A picture taken from a position from a position in southern Israel along the border with Gaza shows smoke billowing over Khan Yunis in the southern Gaza Strip on February 12, 2024. AFP
Cairo has already decided to limit communications with Israel to the security level only to pursue negotiations on the much-needed truce and detainee swap deal, while freezing any governmental communications with the Israel side, according to the sources.
The sources asserted that the Egyptian side is angered by circulating Israeli reports that Cairo has approved the beginning of a military operation in Rafah, a step which Egypt, along with several countries, has repeatedly warned against.
The sources also said that Egypt has informed the Israeli side that “any change in the status of the Salah al-Din Axis (Philadelphi corridor) is completely rejected.”
The Philadelphi corridor – which divides the city of Rafah into two; an Egyptian side and a Palestinian side – is a buffer zone on the Egypt-Gaza border guaranteed by the 1979 Egypt–Israel peace treaty. Egyptian security forces have patrolled the 14-kilometre-long and 100-metre-wide route after Israel pulled out of Gaza in 2005.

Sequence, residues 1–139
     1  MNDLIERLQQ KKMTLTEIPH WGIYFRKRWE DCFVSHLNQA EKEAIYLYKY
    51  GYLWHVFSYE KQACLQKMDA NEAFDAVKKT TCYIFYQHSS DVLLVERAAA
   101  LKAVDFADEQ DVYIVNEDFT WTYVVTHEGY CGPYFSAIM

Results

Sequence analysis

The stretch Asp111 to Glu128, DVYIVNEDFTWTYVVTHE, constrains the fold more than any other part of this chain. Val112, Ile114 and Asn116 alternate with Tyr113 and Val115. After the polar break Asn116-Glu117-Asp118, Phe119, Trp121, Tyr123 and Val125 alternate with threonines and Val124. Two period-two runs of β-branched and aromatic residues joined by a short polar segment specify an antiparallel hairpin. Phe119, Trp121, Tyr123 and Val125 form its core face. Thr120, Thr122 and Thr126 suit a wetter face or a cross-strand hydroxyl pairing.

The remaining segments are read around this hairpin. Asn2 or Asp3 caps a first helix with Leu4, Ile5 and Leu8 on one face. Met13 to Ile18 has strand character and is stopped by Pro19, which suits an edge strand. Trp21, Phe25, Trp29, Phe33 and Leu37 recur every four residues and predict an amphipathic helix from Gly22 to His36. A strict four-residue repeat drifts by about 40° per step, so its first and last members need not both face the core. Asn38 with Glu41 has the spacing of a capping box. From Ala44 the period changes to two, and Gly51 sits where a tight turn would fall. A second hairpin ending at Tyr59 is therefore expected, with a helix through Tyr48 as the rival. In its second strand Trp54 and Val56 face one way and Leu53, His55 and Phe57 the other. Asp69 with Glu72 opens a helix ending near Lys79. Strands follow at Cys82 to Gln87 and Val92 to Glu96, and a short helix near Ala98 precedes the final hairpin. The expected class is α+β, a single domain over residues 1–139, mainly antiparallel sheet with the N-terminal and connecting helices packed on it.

In one of his controversial remarks, Netanyahu said in late December that the narrow route “has to be in our hands.
Israel has so far killed over 28,000 Palestinians, most of whom were women and children, since the start of its brazen war against Gaza, with the planned offensive jeopardizing the lives of tens of thousands currently crammed in crowded UN-operated tent camps and shelters near the border.
Israel has already launched intense air strikes Sunday night targeting densely crowded Rafah, killing over 100 Palestinians, including children, according to the Palestinian health ministry.
Southern Gaza’s city of Rafah is now the last refuge for Palestinians.
Less than 300,000 people typically inhabit the city, but now – due to Israeli airstrikes and ground offensive in other parts of central and northern Gaza – it accommodates an additional 1.4 million individuals.
Egypt has also stressed to Israel that it “will never allow the policy of forced displacement of Palestinians out their lands,” Al-Arabiya’s sources noted, as Israel has forced most of the Gaza population to flee its brazen strikes toward the border city of Rafah.
Egypt views the deportation of Palestinians as a non-negotiable red line. The country has repeatedly warned that such a step would lead to the liquidation of the decades-old Palestinian cause.
According to media reports, Egypt has recently deployed over 40 tanks to enhance border security in Rafah.
On Sunday, sources told AP that Egypt has threatened to suspend its peace treaty with Israel if the Israeli offensive in Gaza expands into Rafah.
An official statement by Egypt’s Ministry of Foreign Affairs read on Sunday that the country completely rejects the statements made by high-ranking officials in the Israeli government regarding the intention of Israeli forces to launch a military operation in Rafah